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American Scientist

Lost Cities Revealed: Airborne lasers see through dense jungles to find hidden ruins

For about 2,000 years, starting in about 1000 BCE, the Maya city of El Ceibal was a bustling urban center with an estimated peak population of up to 52,000 inhabitants. Today this important archaeological site is almost inaccessible beneath farmlands, modern settlements, and protected forest, but archaeologists can create a detailed map of the site, thanks to a laser-based technique known as airborne lidar, short for light detection and ranging. As explained in “Estimating Ancient Populations by Aerial Survey” (pages 30–37), the technique calls for aircraft with specialized laser equipment to fly slowly over the site, collecting topographic information from laser reflections from the ground, archaeological structures, and vegetation. Computer programs then create a contour map of the area that includes buildings, earthworks, irrigation canals, and roads, with decimeter accuracy. (Lidar data collected and image created by the National Center for Airborne Laser Mapping.) Read this issue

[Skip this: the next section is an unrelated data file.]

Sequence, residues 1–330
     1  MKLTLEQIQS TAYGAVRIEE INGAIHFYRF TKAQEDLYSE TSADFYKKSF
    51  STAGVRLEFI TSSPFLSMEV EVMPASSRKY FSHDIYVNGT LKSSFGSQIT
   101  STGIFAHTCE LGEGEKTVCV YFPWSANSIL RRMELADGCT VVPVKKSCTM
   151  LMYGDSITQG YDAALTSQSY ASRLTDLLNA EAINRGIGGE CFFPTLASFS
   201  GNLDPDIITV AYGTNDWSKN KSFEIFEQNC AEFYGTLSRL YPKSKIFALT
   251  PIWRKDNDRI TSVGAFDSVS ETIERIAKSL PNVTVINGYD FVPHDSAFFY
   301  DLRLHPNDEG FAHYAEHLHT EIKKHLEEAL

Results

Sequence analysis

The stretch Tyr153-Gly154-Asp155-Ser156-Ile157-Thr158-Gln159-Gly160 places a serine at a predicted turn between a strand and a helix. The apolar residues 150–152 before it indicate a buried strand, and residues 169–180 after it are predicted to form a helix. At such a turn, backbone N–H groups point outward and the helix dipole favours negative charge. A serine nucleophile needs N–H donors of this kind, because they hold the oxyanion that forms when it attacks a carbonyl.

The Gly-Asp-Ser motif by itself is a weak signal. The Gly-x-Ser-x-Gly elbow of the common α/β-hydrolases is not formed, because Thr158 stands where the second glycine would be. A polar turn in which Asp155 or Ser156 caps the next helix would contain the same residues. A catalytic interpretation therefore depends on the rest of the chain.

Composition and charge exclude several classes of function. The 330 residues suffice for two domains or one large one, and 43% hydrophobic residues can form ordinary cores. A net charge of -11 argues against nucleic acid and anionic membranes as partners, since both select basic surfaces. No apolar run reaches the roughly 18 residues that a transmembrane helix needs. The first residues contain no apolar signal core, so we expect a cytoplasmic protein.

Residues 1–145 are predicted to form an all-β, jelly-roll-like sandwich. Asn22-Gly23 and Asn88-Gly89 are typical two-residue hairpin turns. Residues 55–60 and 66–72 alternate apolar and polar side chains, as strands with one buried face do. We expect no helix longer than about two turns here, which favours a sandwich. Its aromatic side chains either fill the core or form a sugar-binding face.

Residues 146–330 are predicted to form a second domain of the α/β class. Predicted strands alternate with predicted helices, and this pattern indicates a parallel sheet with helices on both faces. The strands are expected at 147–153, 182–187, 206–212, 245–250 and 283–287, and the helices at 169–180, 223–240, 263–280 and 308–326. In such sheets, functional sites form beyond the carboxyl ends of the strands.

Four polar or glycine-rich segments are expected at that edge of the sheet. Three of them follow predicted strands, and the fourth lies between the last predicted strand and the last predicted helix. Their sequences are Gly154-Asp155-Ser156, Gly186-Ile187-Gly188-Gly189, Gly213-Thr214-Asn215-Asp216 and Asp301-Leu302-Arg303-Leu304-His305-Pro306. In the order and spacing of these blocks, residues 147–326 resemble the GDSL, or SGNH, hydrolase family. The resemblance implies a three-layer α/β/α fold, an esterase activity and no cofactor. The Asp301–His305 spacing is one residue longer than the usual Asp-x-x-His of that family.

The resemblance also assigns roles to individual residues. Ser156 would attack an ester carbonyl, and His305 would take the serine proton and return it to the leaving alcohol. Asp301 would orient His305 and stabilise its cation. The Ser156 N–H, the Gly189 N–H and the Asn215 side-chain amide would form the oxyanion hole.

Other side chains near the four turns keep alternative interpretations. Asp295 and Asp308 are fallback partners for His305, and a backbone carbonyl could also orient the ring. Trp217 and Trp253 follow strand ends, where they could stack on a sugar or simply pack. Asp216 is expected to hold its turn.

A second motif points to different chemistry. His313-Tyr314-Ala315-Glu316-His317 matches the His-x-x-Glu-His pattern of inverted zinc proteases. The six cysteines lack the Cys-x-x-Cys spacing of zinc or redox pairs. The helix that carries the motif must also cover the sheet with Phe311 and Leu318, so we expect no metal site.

January-February 2019

Sigma Xi Publications